Woman on top

Woman on top

Trailblazer : Aparna Das Battula (23), the first Indian woman to win US jockey licence.Horses lend us wings. So they say. For those who have ‘flown’ on a saddle, feeling the wind on their faces and hearing the thundering of hooves, there can be nothing more liberating than the experience. It’s an experience that Aparna Das Battula (23) savours day after day, for she is the first Indian girl to win US jockey licence. Her nascent career track has seen “starts-38, firsts-2, seconds-3, thirds-3”.

How it all began...

As a kid, Aparna had never really seen a horse from close quarters. With a flair for sports, she had represented Karnataka thrice in speed skating and roller hockey, and was always “obsessed with speed”.

She gave up a seat in medical college to take up biotechnology at Mount Carmel College.
“I constantly looked for something that would thrill me,” she says. The search ended when her father came across an article on horse riding and showed it to her.

Aparna started to train when she was doing her second year of college — at an age when, she says, “makes a person daring, thanks to a devil-may-care attitude!”

She says the lack of sufficient learning opportunities and support in India led her to consider schools overseas.  She researched training schools in Australia, the United States and the United Kingdom. To all of them, she sent a video of her riding and was selected by the North American Racing Academy (NARA), Kentucky.

Back to school

Aparna then went through an intense two-year training course.

“There is a lot of hard work to be done before you get a jockey’s licence. A trainer has to name you on a horse  before  which you have to pass ‘breaking from gates’. But to get to this point, it’s a long, hard road with some ups and a lot of downs. It requires you to work at the track seven days a week, face disappointment almost every morning, focus on fitness every day, eat right and maintain a disciplined lifestyle.”

At riding school, she also learned anatomy and physiology of the animal, horse care and life skills for jockeying.

“Through NARA, I had the opportunity to work with some of the best trainers during my internship. I worked with the ‘Hall of Fame’ trainers — Todd Pletcher, Jonathan Sheppard and Kip Elser,” she says.

“Being a jockey is all about the feel and finesse that you develop with every horse you ride, and the experience which you get from riding as many horses as you can. You can also learn a great deal from listening to experienced professionals. You must look to constantly improve your style. But riding, irrespective of the training you get, is self-taught,” Aparna says.

Sweet taste of success

Her first win came on April 10 this year.

Still starry-eyed about the victory, she says: “The horse, River North, was the same horse which I rode in  my first race. It was a very special moment. And the horse made it more special. He is a brave athlete and I could trust him completely to give me the biggest thrill of my life.”

Aparna admits that she didn’t know what to expect from the race.

“I depended on my experienced horse to get me through it. It was a pure one-minute adrenalin rush (her winning timing was 1:10.52). I had full trust in him, but I also knew that it was up to me to get us to the wire first.  The pressure was on me. On the morning of the race,  I told the groom  that if I didn’t win I wasn’t going to show my face in the barn!”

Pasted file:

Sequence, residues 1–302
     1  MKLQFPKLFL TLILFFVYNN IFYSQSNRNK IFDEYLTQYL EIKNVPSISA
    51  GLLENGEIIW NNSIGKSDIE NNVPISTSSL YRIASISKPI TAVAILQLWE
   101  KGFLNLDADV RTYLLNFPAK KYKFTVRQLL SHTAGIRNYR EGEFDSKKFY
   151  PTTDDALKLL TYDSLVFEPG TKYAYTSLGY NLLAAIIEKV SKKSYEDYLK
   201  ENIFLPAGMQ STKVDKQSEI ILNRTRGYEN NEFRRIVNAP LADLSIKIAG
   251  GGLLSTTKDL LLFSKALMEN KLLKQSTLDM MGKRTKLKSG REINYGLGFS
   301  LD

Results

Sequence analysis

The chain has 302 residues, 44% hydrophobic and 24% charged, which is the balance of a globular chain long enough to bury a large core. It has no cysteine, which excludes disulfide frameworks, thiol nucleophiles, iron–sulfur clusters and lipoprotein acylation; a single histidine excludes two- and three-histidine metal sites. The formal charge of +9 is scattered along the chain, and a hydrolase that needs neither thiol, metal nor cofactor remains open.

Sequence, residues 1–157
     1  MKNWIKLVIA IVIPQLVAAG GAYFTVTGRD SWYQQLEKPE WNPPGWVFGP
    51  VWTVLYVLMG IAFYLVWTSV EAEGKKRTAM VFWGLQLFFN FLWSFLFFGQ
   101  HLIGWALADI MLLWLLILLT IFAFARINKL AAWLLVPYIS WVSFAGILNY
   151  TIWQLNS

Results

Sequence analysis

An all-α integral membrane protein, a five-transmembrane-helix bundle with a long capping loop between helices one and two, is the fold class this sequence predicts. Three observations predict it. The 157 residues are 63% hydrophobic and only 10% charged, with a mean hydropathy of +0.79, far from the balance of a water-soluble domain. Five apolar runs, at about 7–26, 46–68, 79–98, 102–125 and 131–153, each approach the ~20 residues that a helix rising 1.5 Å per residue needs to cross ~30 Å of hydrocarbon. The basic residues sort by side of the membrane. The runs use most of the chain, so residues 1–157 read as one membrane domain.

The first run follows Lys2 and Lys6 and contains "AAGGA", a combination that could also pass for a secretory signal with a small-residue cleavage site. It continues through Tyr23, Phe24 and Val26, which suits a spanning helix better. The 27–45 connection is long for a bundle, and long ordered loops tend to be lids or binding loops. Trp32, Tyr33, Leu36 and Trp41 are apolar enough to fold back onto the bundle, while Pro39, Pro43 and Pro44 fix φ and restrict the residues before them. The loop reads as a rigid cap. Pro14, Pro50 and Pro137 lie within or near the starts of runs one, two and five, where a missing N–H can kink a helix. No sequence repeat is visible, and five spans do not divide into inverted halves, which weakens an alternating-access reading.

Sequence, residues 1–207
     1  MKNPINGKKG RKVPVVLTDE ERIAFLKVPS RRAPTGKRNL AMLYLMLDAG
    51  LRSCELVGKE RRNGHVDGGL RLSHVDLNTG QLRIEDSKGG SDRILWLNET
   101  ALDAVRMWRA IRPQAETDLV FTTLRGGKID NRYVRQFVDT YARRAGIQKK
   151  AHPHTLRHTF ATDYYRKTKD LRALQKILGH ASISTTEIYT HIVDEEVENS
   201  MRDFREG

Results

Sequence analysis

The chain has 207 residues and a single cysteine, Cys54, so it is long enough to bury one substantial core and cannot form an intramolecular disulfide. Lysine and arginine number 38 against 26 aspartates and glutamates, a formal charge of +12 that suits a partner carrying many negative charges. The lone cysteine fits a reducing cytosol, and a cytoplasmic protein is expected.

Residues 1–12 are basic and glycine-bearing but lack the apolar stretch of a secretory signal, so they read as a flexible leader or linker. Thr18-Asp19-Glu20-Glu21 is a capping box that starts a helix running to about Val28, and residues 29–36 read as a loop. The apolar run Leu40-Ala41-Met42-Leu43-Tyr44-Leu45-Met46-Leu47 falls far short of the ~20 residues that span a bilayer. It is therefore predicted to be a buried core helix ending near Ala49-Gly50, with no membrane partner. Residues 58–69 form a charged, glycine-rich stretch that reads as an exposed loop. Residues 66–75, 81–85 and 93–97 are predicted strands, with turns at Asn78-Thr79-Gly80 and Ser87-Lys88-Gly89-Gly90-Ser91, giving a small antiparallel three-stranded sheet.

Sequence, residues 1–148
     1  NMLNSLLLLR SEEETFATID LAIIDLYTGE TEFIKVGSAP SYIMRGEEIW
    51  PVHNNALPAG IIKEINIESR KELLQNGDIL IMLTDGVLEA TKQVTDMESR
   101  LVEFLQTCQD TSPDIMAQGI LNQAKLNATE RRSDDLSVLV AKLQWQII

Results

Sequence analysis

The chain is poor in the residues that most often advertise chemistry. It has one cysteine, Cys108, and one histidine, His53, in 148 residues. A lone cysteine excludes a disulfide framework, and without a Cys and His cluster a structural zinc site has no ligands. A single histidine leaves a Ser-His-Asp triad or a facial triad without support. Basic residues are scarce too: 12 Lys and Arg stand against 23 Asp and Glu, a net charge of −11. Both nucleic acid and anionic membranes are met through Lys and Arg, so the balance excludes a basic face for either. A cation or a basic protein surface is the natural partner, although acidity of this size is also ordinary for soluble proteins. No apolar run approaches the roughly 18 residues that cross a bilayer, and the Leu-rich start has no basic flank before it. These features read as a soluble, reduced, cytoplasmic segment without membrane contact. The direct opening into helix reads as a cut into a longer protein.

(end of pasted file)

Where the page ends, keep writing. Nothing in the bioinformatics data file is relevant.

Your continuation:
Photo finish

Recounting the magical experience, she continues: “When the gates opened that morning, River North practically flew out! But the finish line seemed so far away and Spark Plug (the horse that finished second) seemed to be closing in. I just pushed on the horse and the wire came, but not without a heart-stopping moment. Paco, Spark Plug’s jockey, had passed me, saying , ‘I’m sorry. I know you were looking forward to your maiden (victory)’. I didn’t know how to react. I was on this horse that just ran his heart out for me. But it was a photo finish. As the official results came in, the whole crowd stood up to applaud me. I won by a nose,” Aparna exclaims.

The celebrations , as she describes them to me, were equally exciting.

She  had to face the time-honoured tradition, where the winner is dunked in ice-cold water and a smelly mix of shaving cream, eggs and soda! “It was absolute entertainment for the viewing public as the entire episode was on the big track screen,” she says, chuckling at the memory.  

Aparna credits her family and friends for all that she has achieved, but also has a special word of thanks for her mentor, Sinclair Marshall, President of the Jockeys’ Association of India.

“His work ethic has rubbed off on me. He always encouraged me to look for opportunities,” she adds.

According to her, jockeying is the hardest competitive human activity ever.

“It calls for constant training on fitness, working in extreme weather conditions, and working long hours with dedication and discipline. Above all, it carries the risk of career-ending or life-threatening injuries,” she explains. Yet, she hastens to add that she loves it all.

Aparna says she will be working towards her Indian licence. “I think I will be third woman jockey when I get it. It is good to see more and more girls taking up the sport,” she says. However, she is quick to clarify that “having a licence to race does not reflect success”.

“It’s a struggle that you have to endure every day. You have to make use of every opportunity to keep improving. Luck is probably the biggest factor in a jockey’s life,” she says. Right now, Lady Luck seems more than willing to match Aparna, stride for stride.